Fourteen years after the incident with the Weavers, I would sit in a university classroom and listen to a professor of psychology describe something called bipolar disorder. Until that moment I had never heard of mental illness. I knew people could go crazy—they’d wear dead cats on their heads or fall in love with a turnip—but the notion that a person could be functional, lucid, persuasive, and something could still be wrong, had never occurred to me.

The professor recited facts in a dull, earthy voice: the average age of onset is twenty-five; there may be no symptoms before then.

The irony was that if Dad was bipolar—or had any of a dozen disorders that might explain his behavior—the same paranoia that was a symptom of the illness would prevent its ever being diagnosed and treated. No one would ever know.


Grandma-over-in-town died three years ago, age eighty-six.

I didn’t know her well.

All those years I was passing in and out of her kitchen, and she never told me what it had been like for her, watching her daughter shut herself away, walled in by phantoms and paranoias.

When I picture her now I conjure a single image, as if my memory is a slide projector and the tray is stuck. She’s sitting on a cushioned bench. Her hair pushes out of her head in tight curls, and her lips are pulled into a polite smile, which is welded in place. Her eyes are pleasant but unoccupied, as if she’s observing a staged drama.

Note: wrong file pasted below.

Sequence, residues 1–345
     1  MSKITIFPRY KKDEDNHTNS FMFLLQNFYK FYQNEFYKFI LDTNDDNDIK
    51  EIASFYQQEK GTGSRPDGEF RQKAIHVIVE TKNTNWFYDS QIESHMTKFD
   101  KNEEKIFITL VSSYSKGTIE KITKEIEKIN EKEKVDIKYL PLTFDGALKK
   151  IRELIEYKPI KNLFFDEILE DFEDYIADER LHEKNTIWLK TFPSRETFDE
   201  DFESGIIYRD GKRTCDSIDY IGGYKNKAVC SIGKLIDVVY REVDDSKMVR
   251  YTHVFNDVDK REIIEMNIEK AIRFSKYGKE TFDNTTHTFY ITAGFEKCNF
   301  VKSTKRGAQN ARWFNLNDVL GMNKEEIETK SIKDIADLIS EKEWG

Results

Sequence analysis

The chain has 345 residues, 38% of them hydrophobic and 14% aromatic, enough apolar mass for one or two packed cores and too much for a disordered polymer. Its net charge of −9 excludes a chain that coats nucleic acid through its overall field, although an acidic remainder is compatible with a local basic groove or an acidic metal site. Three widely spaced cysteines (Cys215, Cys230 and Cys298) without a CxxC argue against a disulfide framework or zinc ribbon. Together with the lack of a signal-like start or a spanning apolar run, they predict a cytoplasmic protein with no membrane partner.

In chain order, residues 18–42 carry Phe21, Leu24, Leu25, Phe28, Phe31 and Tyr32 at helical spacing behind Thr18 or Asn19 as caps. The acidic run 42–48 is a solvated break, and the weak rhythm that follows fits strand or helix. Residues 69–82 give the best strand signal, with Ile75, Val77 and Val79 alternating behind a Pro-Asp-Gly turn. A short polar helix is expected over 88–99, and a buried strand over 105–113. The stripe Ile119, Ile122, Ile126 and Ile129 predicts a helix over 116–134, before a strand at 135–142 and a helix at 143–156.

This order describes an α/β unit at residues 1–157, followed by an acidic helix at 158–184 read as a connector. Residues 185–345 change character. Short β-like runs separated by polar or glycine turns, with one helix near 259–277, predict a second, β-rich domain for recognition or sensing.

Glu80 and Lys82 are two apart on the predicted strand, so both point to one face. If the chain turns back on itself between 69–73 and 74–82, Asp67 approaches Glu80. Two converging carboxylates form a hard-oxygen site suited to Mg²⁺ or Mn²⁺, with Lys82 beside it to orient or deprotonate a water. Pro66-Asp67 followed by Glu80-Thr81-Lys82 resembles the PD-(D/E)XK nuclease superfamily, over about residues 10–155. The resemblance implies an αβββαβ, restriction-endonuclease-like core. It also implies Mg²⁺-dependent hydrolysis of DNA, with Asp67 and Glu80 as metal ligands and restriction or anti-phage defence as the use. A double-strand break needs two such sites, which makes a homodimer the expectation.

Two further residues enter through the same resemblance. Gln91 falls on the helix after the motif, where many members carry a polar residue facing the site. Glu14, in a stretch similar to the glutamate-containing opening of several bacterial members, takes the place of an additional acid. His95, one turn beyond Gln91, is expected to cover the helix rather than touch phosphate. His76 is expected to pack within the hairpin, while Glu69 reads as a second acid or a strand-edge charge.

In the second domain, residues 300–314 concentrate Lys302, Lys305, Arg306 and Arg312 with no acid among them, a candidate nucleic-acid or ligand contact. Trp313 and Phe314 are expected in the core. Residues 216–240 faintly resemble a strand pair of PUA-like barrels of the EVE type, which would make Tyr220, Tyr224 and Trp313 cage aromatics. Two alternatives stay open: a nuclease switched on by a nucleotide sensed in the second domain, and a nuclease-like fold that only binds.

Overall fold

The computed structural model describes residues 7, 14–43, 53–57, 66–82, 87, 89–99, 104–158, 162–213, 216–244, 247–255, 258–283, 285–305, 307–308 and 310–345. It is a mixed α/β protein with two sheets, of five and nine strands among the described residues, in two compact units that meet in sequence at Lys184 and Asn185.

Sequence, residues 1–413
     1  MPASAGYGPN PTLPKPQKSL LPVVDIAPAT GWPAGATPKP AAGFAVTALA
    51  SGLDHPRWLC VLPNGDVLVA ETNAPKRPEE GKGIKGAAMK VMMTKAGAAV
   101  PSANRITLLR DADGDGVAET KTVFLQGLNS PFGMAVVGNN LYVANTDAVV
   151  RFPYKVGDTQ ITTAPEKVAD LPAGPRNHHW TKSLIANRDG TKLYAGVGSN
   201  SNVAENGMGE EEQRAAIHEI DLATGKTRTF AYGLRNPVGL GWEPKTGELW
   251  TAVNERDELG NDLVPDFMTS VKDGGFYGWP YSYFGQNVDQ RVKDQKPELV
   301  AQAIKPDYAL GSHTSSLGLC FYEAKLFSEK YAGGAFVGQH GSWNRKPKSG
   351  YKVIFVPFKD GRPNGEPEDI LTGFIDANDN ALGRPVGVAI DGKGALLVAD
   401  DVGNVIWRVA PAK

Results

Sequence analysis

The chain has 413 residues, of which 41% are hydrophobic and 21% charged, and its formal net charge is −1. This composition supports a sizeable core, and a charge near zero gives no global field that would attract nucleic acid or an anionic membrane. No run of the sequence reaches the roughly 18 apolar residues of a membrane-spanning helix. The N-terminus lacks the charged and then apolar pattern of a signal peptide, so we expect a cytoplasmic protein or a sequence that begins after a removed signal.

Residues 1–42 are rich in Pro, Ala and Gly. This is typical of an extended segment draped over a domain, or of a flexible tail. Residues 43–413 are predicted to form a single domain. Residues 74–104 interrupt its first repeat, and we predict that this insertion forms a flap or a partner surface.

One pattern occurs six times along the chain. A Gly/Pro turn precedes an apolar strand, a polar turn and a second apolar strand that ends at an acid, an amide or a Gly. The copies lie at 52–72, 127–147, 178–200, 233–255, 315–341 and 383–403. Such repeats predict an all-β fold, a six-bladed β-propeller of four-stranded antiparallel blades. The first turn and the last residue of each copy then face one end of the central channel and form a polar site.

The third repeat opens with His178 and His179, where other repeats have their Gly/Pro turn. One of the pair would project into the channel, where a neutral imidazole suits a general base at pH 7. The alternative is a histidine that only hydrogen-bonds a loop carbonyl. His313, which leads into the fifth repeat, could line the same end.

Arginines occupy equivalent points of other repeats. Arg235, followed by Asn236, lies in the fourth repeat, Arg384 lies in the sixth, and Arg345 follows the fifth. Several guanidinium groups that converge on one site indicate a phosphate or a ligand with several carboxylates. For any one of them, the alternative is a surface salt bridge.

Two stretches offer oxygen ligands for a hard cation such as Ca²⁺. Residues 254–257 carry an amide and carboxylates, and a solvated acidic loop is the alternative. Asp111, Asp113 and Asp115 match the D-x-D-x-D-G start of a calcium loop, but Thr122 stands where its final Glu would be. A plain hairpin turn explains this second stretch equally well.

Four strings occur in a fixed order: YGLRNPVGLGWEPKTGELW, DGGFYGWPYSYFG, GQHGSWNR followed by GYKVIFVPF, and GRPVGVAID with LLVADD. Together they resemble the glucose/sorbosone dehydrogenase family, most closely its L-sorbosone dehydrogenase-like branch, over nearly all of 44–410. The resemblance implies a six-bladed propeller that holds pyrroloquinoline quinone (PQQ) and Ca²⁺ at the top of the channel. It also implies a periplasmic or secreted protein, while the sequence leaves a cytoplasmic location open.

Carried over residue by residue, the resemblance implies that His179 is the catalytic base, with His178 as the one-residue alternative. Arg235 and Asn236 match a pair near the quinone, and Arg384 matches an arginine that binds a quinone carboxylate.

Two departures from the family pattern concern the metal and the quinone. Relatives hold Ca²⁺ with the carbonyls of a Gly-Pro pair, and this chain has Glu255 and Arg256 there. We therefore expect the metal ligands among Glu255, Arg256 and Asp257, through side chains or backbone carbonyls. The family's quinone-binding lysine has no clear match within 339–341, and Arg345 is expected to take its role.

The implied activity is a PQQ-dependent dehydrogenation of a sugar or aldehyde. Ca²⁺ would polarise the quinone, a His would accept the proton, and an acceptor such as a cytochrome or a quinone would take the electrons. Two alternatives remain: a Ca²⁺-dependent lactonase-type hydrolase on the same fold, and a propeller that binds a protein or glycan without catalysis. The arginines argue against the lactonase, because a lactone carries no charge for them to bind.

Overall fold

That smile haunts me. It was constant, the only eternal thing, inscrutable, detached, dispassionate. Now that I’m older and I’ve taken the trouble to get to know her, mostly through my aunts and uncles, I know she was none of those things.

I attended the memorial. It was open casket and I found myself searching her face. The embalmers hadn’t gotten her lips right—the gracious smile she’d worn like an iron mask had been stripped away. It was the first time I’d seen her without it and that’s when it finally occurred to me: that Grandma was the only person who might have understood what was happening to me. How the paranoia and fundamentalism were carving up my life, how they were taking from me the people I cared about and leaving only degrees and certificates—an air of respectability— in their place. What was happening now had happened before. This was the second severing of mother and daughter. The tape was playing in a loop.

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Tara Westover